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 It is extremely close in design to a gown in Janet Arnoldís Patterns of Fashion 1; a pattern which I was kind of intimidated by and had been considering avoiding. But since seeing it up close on display like that I can now more fully understand the cut and fit so I think itís definitely one I now feel a bit more confident in trying!

I did manage to get a few photos of the overall design and some close ups of pattern/textile design but the exhibition is on until July so my plan is to go back a few times to try get as many photos as possible to really understand the construction as fully as possible!

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What I like most about it is that it was made in Scotland. A lot of my research of the Regency period has turned up pieces from England or Europe, especially since a lot is connected or ďinspired byĒ in some way with Jane Austen. Itís not that there is anything particularly wrong with that but itís a nice example of the fashions of the time in Scotland.

I realise this has been a bit of a word heavy post rather than having lots of pretty pictures but I promised lots and lots of nice photos in my write up the exhibition this week!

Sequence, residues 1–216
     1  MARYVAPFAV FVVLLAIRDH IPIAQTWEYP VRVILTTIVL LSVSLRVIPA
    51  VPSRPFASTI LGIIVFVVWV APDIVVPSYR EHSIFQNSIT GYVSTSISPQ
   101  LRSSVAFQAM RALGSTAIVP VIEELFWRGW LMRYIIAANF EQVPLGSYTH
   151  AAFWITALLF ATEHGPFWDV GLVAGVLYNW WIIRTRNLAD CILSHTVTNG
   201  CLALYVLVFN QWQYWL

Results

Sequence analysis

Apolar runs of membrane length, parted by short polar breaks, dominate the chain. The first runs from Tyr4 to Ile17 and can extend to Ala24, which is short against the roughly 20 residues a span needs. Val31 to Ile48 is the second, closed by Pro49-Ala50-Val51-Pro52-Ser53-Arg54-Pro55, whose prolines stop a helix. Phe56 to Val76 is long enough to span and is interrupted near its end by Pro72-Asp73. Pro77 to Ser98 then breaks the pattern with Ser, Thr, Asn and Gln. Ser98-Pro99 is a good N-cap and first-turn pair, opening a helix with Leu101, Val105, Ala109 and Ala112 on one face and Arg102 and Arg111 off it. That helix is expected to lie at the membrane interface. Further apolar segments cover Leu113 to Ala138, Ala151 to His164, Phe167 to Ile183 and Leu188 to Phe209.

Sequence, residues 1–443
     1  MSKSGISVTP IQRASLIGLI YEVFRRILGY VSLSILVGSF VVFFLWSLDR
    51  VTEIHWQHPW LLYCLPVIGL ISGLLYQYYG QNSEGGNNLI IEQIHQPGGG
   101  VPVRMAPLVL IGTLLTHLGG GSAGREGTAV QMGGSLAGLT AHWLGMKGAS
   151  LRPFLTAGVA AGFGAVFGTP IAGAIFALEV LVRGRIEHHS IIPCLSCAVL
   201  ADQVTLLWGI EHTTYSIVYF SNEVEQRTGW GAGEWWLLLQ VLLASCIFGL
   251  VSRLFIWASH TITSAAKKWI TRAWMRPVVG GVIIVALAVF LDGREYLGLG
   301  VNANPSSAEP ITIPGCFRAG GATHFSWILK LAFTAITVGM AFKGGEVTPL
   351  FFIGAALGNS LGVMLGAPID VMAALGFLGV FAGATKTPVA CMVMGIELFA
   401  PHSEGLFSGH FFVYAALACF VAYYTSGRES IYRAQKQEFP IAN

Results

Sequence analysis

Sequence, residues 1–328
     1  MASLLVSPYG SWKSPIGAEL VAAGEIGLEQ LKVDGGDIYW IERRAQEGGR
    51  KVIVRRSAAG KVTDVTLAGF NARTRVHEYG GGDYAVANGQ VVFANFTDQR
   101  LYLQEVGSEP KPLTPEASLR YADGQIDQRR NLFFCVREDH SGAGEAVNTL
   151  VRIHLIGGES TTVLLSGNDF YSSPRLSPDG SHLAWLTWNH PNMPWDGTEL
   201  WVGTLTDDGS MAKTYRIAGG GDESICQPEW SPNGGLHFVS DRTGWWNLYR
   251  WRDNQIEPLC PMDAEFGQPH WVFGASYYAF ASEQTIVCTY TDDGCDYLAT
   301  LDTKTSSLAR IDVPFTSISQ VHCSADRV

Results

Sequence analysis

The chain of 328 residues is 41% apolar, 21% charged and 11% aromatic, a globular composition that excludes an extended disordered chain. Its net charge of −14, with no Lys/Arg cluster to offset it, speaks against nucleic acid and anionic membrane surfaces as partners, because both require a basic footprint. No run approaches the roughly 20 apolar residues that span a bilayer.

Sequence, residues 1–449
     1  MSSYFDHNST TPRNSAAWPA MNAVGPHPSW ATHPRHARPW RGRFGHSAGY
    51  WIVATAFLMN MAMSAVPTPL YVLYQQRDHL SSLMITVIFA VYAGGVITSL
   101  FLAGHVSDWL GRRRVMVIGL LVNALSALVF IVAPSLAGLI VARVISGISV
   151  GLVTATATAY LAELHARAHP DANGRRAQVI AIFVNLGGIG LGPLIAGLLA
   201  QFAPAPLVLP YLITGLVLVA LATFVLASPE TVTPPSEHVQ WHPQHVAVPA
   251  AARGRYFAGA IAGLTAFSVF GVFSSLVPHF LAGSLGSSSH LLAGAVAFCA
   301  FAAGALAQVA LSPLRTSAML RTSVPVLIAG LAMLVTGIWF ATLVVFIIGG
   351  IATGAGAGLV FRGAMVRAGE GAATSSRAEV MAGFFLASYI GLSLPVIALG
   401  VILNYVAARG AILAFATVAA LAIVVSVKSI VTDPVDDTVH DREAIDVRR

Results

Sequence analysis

I hope you all had a lovely weekend and have fun in the week to come,

Until then

See you in the future! ♥

Good Mood Mondays: Hairstyles, Hair Enhancers and Happy Days

So after the exhaustion of Monday I never finished the blog post but Iím posting it today! (Yay) So I shall continue with my write up from yesterday.

Today has been extremely long and extremely tiring; however I did have a lovely day in Edinburgh (although I was blinded by the sun for the most part!)

The Viking Boy had a job interview in Edinburgh this morning and since I know Edinburgh better and it is his first one for a graduate type job I promised to go with him. Unfortunately to get there in time we ending up leaving the house at 20 past 7 this morning (a great struggle since we usually get up around 9 or 10) and rushing from the train station up to Buchanan Bus Station for our bus at 8.15. We made it in plenty of time and pretty much slept most of the journey there.

The interview went well and the boy came out happy with how it had been left. He should hear very soon and then it will be a mad rush to find a flat in Edinburgh, pack and move in the next month not to mention he still has exams to finish before May!

Since we were going to be getting back until about 5 tonight I did most of my Good Mood Mondayís activities over the weekend in preparation for writing it all up tonight to post up for you good people!

First a little update on how my fabric printing experimentation went: very simply it didnít. It seems the image maker is more suited for doing larger images rather than a smaller repeated pattern as I wanted.

As you can see it leaves a hardened residue from the leftover image make which means the fabric doesnít sit right AND it kind of fades the actual image I wanted to use.

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BUT as I promised it was back to the drawing board and I think I have found a new technique it may take a little longer and be a bit messier but it looks really good!